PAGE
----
By Bruce Schreiner
The Associated Press
LOUISVILLE - A Kentucky Army National Guard officer killed in Iraq during an ambush on his military convoy was remembered Monday as a leader who set an example for fellow soldiers.
First Lt. Robert Henderson II was killed Saturday near Diwaniyah in southern Iraq, the state Department of Military Affairs said.
The convoy was supporting the Army's 1st Armored Division when it was attacked by insurgents about 70 miles south of Baghdad, said Lt. Col. Phil Miller, a National Guard public affairs officer in Frankfort.
First Lt. Robert L. Henderson with the Kentucky National Guard was killed April 17 when the convoy he was travelling in was attacked near Diwaniyak, Iraq.
"It's our understanding the convoy came under small-arms attack by enemy forces," Miller said.
Henderson, 33, of Alvaton, is survived by his wife, Lisa, who is pregnant with their first child, according to family friends. His mother, Lillian, said her son had been in the Guard since he was 17.
"He loved it," she said in a statement from the Department of Military Affairs. "He always wanted to do what was right. He was the best."
Henderson was a platoon leader in the Owensboro-based Detachment 1, 2123rd Transportation Company. The unit hauls tanks and other heavy armored vehicles, artillery equipment and engineering equipment.
Warren County Judge-Executive Mike Buchanon, a friend of the family, said high-ranking Guard officials told him that Henderson displayed "strong leadership" during the attack. The convoy was ambushed as it slowed down to go around an overturned trailer, Buchanon said.
"He was shot twice and continued to lead his platoon through the ambush to safety," Buchanon said.
He said Henderson was taken to a field hospital, where he died.
Henderson was the second Kentucky Guard casualty in the Iraq conflict.
Sgt. Darrin Potter, a member of the 223rd Military Company in Louisville, died in September when his military vehicle overturned and was submerged in a canal in Baghdad.
A comrade remembered Henderson as "a good man and a good soldier."
"He definitely set the example when it comes to what the soldiers should be aspiring to be," said Kentucky National Guard 1st Sgt. Michael Oliver, who formerly served in the same unit with Henderson.
Oliver said Henderson was a hands-on officer.
"He loved driving the trucks," Oliver said. "Normally, as an officer you sit back, supervise and direct. Lieutenant Henderson loved ... to get right in there and ask that driver to scoot over and let him have the opportunity to actually drive the vehicle."
Oliver, of Bowling Green, was transferred to the 2113th Transportation Company, based in Paducah, after his promotion to first sergeant. That happened 10 days before his former comrades were activated.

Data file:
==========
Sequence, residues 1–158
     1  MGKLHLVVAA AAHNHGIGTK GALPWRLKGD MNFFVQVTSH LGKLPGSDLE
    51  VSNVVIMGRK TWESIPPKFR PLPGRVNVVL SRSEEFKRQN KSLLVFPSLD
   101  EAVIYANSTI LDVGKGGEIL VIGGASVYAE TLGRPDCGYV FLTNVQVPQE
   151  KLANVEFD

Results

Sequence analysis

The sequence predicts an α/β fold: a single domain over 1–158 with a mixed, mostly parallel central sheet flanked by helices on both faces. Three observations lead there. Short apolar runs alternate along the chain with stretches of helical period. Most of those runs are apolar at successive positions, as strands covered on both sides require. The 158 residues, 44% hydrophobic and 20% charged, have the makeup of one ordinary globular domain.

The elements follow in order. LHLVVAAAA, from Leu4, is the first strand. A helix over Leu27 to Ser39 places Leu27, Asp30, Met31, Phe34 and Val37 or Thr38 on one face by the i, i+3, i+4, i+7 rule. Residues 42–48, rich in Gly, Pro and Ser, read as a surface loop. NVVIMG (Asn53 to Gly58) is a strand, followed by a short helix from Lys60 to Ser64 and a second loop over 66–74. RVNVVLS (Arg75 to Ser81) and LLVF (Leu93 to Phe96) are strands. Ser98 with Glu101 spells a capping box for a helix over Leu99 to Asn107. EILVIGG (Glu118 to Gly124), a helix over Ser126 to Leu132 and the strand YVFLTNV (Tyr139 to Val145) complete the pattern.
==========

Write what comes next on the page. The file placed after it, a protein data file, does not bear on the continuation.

"Right now there's a tremendous sense of guilt that I carry with me because I'm not there with them," Oliver said, his voiced choked with emotion. "They are a great bunch of soldiers."
The 2123rd deployed to southwest Asia in January.
In Frankfort, Gov. Ernie Fletcher said Henderson "paid the ultimate sacrifice while serving his country."
"Our commonwealth has truly lost one of its finest," he said.
Kentucky Adjutant General Donald C. Storm said he was "deeply saddened" by Henderson's death, but said "our resolve is not shaken."
"He was a true patriot who answered the call of his nation," Storm said. "Our hearts, thoughts, prayers and support go out to his family."
Henderson graduated from Warren Central High School in 1989 and attended Western Kentucky University from 1990 to 1994, Miller said.
Henderson worked as a sales manager at the Lowes home improvement store in Bowling Green for several years. Robert Castle, operations manager at the store, said Henderson was well liked.
"He was the type of person when he was faced with a challenge, his eyes would light up and he'd get this look on his face and you just knew it was going be taken care of," Castle said.
Buchanon watched Henderson grow up. Henderson's mother is a bookkeeper at a floral and greenhouse business run by Buchanon's wife.
"He was dedicated to the National Guard and to the military service," Buchanon said.
Henderson's comrades held a memorial service on Sunday at the unit's base camp in Kuwait.
Kentucky currently has 365 Guardsmen deployed in Iraq, Storm said. He said they have been "in the eye of the storm."
"They're not on the peripheral here," he said. "These soldiers are part of the front lines. And as you know ... the front line in this war is 360 degrees."
Funeral arrangements for Henderson are pending.
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